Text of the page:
Severe Dyspnea Hampers Healthy Fire Chief
While under the care of a regional medical practice, the patient experienced sudden respiratory decline at home. He was taken to a local hospital emergency department where he was diagnosed with 4 pulmonary emboli, 2 in each lung. He was treated with supplementary oxygen and a blood thinner and released from the hospital following a short stay.
A month after discharge, he experienced another embolism and was referred to a trauma center where the medical team diagnosed chronic thromboembolic pulmonary hypertension (CTEPH). The patient began a course of oral sildenafil. He continued his workouts, but the medical therapy and conditioning did not relieve the worsening dyspnea. The patient sought consultations with a cardiologist, a pulmonologist, and other specialists to discuss options. He was referred to Victor J. Test, MD, a Duke pulmonologist who specializes in surgery to treat pulmonary hypertension (PH).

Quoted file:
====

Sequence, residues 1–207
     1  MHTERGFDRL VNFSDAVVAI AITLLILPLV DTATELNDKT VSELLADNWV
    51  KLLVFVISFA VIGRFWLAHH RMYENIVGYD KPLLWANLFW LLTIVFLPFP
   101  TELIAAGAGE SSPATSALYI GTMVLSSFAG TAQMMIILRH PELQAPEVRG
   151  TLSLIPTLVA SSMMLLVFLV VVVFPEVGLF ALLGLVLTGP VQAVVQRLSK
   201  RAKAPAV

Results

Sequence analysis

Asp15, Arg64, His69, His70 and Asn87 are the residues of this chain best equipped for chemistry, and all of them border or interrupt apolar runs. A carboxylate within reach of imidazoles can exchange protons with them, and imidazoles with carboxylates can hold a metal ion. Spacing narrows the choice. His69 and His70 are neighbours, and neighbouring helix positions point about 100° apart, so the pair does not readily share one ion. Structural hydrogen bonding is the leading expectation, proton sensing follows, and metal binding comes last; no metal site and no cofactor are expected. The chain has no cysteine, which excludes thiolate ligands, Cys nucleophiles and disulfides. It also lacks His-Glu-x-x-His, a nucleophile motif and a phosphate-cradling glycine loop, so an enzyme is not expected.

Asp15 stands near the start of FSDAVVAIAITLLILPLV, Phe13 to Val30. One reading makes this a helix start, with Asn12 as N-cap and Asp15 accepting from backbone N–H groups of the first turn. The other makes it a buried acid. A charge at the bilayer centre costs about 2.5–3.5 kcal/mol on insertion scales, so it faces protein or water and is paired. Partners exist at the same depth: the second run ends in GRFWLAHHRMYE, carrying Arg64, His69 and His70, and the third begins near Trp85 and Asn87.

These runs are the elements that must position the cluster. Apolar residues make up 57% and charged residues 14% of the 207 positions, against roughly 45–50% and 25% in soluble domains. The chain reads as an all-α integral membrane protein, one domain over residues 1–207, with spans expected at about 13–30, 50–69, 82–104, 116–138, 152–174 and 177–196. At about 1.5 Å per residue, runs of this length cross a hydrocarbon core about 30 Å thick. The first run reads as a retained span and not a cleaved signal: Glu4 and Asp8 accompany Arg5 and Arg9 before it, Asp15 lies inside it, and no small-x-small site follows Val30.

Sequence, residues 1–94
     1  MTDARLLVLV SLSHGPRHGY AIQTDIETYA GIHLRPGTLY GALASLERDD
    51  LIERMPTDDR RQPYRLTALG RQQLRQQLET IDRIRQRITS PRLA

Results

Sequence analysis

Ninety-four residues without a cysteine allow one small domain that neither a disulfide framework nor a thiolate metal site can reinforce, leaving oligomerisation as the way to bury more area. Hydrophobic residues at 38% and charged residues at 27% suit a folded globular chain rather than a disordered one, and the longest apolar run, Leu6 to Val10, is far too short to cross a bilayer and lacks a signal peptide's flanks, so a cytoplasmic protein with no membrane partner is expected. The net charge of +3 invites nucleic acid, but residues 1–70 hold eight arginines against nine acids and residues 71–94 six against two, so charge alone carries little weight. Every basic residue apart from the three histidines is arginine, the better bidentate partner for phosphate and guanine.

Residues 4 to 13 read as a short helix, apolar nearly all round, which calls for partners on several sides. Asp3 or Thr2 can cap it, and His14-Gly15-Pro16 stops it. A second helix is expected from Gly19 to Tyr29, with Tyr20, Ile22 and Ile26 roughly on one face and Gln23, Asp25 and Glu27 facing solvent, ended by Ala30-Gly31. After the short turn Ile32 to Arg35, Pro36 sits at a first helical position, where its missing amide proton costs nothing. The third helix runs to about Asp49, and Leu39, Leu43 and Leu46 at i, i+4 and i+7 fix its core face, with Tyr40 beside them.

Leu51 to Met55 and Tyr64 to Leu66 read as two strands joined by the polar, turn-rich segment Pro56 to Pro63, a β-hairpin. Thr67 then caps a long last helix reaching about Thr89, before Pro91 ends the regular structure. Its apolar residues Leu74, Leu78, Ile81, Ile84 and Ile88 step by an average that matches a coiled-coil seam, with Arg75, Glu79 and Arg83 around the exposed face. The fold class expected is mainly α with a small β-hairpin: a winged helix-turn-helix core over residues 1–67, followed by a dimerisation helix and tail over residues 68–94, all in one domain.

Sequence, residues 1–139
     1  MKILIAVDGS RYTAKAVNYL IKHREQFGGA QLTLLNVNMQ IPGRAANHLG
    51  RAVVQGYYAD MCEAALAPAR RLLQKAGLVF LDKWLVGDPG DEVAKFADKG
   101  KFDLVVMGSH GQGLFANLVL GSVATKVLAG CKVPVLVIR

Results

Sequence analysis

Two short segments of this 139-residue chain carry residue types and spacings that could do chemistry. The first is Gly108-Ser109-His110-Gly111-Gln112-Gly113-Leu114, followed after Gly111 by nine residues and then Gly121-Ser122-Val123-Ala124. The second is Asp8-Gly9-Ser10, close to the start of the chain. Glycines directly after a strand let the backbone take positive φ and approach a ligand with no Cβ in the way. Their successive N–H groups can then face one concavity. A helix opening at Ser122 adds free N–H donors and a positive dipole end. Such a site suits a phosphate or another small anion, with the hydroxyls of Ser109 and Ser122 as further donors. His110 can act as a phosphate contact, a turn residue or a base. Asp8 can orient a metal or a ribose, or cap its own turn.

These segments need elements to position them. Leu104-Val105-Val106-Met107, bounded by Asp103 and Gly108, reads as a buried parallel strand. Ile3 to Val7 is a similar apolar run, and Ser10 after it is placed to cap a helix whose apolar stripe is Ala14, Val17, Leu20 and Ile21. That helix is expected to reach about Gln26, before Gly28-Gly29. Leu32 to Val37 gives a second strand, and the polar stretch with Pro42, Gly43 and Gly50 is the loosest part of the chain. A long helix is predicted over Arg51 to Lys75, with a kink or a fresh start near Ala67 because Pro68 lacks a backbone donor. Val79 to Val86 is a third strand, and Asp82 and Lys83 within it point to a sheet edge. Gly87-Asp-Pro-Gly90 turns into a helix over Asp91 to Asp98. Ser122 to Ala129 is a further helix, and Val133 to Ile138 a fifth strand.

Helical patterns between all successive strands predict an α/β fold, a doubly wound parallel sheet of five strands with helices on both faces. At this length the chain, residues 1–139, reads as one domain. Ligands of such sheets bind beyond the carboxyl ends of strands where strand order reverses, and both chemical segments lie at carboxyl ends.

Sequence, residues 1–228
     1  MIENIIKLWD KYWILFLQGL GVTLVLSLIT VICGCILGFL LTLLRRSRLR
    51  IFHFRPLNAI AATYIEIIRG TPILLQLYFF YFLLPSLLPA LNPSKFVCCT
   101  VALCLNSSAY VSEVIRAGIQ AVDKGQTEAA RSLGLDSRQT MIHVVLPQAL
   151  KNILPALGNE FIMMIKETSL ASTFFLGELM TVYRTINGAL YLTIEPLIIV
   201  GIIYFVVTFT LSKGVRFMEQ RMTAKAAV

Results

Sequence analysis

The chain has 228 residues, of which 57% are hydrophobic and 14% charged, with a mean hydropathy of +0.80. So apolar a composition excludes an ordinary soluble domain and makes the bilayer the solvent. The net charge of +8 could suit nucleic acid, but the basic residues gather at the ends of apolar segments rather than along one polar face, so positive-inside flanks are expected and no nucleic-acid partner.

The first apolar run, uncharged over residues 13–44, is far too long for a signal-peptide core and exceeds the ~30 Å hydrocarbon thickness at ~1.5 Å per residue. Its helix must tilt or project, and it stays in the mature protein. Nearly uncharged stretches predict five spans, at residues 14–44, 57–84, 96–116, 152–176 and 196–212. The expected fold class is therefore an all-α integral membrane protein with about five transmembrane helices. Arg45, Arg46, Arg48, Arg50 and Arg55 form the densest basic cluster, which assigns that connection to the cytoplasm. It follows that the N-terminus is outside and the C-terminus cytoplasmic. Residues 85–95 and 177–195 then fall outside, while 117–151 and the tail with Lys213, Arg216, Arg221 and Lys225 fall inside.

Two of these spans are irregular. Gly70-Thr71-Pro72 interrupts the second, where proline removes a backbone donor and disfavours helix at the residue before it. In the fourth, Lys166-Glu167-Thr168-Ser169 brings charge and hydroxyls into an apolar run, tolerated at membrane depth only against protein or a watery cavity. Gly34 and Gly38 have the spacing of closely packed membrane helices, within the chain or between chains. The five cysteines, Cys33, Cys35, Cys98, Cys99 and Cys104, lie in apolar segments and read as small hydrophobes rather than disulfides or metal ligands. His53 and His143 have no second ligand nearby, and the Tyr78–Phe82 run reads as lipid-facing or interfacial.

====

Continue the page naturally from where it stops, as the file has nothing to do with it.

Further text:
Question: After work-up and evaluation, what did Duke pulmonologists and thoracic surgeons recommend as the most effective option?